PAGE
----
At this point, after seeing this child suffering and talking to these resourced parents, and after taking part in this ludicrous dance each day of the last four years, my soul sighs. Somewhere deep within, I feel my heart inhale deeply and then fall, letting it all out. I give up. I am no longer angry. I am barely even sad. I am simply tired, at the end of my rope and letting go.

So I turn to the mother.

Did I have sex with you?

The mothers jaw drops. Her eyes get wide. The husband takes a step back (which, I note, is better than a step forward). Even my nurse turns and looks at me.

The mother is quite certain she doesnt understand the French this crazy guy is speaking. Huh?

Did we sleep together?The neighboring kidsparents are overhearing this and are getting curious. Boy, imagine that! We may have quite the story to tell in the market about what the white missionary is doing in town!


Youre sure?Im wading pretty far outside of what was taught at the three-week missionary training course we took. Although, admittedly, I did skip a lecture and the asking-the-national-if-youve-ever-had-sex-with-her topic may have been discussed in my absence. And Danae is a lousy note-taker.

We never slept together.

You are absolutely certain you and I have never had sex with each other? I mean, Im a heavy sleeper and Ive been known to sleepwalk. And every time I have malaria theres about three days Im completely out of it and dont remember a thing. Maybe we had sex and Im just forgetting it.

No. You never had sex with me.

I turn to the husband. Did I ever sleep with your wife?


Theres no doubt in your mind?

You never slept with my wife.

Ok. Then that baby isnt mine.

The lights come on. The relief is evident. The husband smiles. The wife starts cracking up. All the eavesdropper in the room, and even in the next ward over, start laughing out loud.

So I never had the pleasure (presumably) of sleeping with your wife. This child will never work in my fields. And this child will never take care of me when I am old.

And then the coolest thing happens.

With a smile, the father of the baby shakes my hand, nods his head recognizing I just out-maneuvered him in his own game of chess, pulls a large bill from his pocket, and walks off to the pharmacy.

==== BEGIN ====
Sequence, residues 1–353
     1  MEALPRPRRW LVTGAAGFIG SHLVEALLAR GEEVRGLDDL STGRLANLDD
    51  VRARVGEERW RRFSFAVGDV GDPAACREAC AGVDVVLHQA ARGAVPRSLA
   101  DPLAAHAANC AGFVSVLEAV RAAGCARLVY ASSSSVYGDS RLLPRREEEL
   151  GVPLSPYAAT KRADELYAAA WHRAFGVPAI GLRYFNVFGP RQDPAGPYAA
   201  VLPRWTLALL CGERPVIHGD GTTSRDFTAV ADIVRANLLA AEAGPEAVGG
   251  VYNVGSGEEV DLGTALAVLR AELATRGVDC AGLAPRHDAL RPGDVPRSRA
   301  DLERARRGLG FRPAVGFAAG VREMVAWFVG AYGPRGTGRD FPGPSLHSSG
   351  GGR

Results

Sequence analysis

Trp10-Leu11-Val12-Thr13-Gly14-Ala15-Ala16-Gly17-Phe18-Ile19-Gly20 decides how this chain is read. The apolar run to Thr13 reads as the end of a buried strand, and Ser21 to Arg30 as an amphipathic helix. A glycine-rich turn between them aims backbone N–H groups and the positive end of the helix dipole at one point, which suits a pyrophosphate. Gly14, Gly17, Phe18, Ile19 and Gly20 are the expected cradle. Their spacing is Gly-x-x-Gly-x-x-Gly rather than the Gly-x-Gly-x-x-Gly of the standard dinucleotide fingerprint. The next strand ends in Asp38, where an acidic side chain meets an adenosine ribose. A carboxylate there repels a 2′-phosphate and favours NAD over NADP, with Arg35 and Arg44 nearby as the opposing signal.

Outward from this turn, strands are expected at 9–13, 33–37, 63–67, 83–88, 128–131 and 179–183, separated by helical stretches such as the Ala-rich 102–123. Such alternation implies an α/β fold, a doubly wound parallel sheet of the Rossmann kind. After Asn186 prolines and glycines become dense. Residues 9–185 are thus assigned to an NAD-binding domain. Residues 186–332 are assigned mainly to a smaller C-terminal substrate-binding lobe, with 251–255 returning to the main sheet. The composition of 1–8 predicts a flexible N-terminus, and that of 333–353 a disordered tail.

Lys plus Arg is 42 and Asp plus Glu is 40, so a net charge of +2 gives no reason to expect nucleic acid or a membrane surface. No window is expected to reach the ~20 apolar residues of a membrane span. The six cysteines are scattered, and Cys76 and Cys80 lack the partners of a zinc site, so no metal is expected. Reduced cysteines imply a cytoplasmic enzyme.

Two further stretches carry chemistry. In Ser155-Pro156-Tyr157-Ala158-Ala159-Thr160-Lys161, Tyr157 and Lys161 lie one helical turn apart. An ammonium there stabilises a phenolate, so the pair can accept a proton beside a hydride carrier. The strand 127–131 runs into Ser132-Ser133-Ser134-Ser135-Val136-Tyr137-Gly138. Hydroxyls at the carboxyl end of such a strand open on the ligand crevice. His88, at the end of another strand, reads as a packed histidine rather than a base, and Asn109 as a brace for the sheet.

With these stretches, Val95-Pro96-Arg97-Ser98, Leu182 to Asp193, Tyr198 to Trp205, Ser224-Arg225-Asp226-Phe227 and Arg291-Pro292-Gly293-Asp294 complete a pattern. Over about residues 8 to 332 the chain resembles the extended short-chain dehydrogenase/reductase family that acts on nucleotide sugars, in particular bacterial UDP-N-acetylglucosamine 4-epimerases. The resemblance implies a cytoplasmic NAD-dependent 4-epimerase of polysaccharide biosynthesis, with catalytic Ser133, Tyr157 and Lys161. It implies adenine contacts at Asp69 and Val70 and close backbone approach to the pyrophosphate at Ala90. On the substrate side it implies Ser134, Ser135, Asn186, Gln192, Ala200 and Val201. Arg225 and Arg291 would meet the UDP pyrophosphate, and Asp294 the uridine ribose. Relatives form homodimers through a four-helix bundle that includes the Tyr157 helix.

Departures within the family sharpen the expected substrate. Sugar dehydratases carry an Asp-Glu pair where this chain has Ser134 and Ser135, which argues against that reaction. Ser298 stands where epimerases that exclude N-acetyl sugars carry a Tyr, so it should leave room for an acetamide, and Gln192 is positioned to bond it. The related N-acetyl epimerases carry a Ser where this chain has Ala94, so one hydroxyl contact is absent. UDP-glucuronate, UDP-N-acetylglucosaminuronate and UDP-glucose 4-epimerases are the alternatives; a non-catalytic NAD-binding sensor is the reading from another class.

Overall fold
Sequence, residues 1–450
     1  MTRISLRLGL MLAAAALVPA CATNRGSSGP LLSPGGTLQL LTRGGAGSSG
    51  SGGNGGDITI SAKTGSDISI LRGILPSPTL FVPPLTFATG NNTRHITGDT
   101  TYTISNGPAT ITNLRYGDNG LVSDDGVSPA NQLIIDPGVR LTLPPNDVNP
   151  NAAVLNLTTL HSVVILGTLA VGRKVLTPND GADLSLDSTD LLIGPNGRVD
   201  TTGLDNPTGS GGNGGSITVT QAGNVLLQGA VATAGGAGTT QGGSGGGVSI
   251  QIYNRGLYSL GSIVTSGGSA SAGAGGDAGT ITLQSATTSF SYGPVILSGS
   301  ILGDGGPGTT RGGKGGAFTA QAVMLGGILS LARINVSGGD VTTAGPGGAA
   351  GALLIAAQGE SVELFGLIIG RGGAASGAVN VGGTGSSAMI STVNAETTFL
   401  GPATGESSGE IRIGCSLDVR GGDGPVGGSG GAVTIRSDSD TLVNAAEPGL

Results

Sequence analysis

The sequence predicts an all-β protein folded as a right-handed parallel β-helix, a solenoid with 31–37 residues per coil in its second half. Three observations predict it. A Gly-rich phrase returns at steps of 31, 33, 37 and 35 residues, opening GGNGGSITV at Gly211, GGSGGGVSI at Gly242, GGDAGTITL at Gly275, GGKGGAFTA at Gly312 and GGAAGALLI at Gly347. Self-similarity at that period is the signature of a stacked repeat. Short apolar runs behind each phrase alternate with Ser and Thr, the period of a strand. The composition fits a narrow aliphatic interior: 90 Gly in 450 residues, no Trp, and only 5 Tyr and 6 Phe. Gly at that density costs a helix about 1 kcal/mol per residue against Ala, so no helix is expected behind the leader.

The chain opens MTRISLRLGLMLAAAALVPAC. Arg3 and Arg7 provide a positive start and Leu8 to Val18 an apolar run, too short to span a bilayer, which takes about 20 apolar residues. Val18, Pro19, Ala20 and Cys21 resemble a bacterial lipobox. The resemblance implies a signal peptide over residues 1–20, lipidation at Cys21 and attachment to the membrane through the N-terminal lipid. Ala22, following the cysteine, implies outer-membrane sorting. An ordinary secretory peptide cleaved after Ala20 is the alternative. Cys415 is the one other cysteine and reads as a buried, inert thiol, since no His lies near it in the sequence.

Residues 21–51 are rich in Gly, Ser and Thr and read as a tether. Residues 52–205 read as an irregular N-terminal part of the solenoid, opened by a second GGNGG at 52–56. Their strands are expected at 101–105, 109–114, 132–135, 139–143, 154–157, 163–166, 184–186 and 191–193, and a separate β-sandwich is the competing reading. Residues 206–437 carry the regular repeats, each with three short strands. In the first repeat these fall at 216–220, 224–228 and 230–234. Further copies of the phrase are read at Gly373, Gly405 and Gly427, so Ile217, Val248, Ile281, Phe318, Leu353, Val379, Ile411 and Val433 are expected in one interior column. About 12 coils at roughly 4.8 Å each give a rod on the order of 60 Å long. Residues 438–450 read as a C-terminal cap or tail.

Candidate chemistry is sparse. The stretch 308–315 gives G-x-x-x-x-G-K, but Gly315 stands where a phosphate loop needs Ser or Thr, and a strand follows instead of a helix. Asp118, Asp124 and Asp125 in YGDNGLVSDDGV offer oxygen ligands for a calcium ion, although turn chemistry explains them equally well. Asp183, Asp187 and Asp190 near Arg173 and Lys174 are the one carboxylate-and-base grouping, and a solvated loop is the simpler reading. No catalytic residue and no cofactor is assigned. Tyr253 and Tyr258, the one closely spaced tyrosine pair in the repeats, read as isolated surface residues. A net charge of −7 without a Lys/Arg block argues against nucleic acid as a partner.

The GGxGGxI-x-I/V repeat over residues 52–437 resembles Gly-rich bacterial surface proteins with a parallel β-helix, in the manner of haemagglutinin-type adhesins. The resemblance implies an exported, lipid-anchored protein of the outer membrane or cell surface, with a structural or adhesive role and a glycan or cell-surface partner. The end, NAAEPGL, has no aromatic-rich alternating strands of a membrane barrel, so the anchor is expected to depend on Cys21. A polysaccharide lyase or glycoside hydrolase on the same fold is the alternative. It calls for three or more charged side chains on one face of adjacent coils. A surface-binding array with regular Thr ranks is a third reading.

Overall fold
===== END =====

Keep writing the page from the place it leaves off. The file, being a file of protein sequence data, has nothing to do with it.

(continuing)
I feel my heart inhale again. I feel a smile on the corner of my lips. Respite for the soul can come in the strangest of circumstances.

(Ive used this same method now repeatedly. And astoundingly, it works every time. Everybody smiles and laughs and the father digs out some money to pay his bill.)

Restore a Child has given many significant donations via Adventist Health International to pay for bills on pediatrics. Its been a huge blessing. So now Danae can round on pediatrics again without emptying out our safe! But its always a challenge trying to determine who is truly needy and wont be able to pay their bill and who is playing the deadly game of chicken.

Olen Netteburg

Olen: +235 91 91 60 32
Danae: +235 90 19 30 38

Olen et Danae Netteburg
Hôpital Adventiste de Bere
Boîte Postale 52
Kelo, Tchad

Volunteers Welcome!!!


I hate snakes.  I hate snakes.  I hate snakes.  

I hate them even more after this story.  

We have some neurotoxic snakes.  Their venom attacks the nervous system.  There are other types of snakes here that are hemotoxic.  Meaning once you get bit, the venom binds to your bloods clot-making system, causing it to quit working properly and your blood can no longer coagulate and make clots and stop bleeding.  In our worst cases, our patients slowly ooze from their IV sites, from their ears, from their nose, from their gums, even from their eyes.  They cough up blood, they vomit blood, they poop blood and they almost always pee blood.  Slowly.  No big gushing fountains of blood.  Just mere oozes.  Oozes that never stop oozing.  And despite the slowness of the oozing, you eventually outstrip your bodys ability to make new blood.  Your marrow cant keep up with the slow oozing.  And you eventually hemorrhage to death, or bleed out.  

Scary, right?  Remember the Ebola epidemic?  Caused you to bleed out.  Same thing.  Only if you get bit by a snake you arent contagious like with Ebola.  

I once had a pregnant patient come in with a nose bleed after getting bit.  It stopped eventually and she did fine.  Ive had another pregnant patient come in after getting bit, lost her baby, delivered, stayed in a coma for a day or so, but eventually recovered. 

Ive had some real disasters this month.  This was one of them.  But somehow I had a bit of hope for the patient who came in last week.

She was a young village girl coming in with vaginal hemorrhaging at six months pregnant.  I mean, she was really pouring out blood, not oozing.  Vaginal bleeding, we know how to treat.  The only thing is she had been bitten by a snake four days prior with no antivenin (anti-snake-venom) given.  Andour hospital was out of antivenin.  Sigh.  

With uncooperative blood like this, its never a good idea to do a c-section.  Id rather get her delivered vaginally.  However, she was bleeding too much.  And we werent certain that her blood wouldnt coagulate, just speculating since we have no labs to test that here, except for cutting the patient and sitting around and watching to see how long it will take the blood to create an effective clot, if ever.    

So c-section here we come.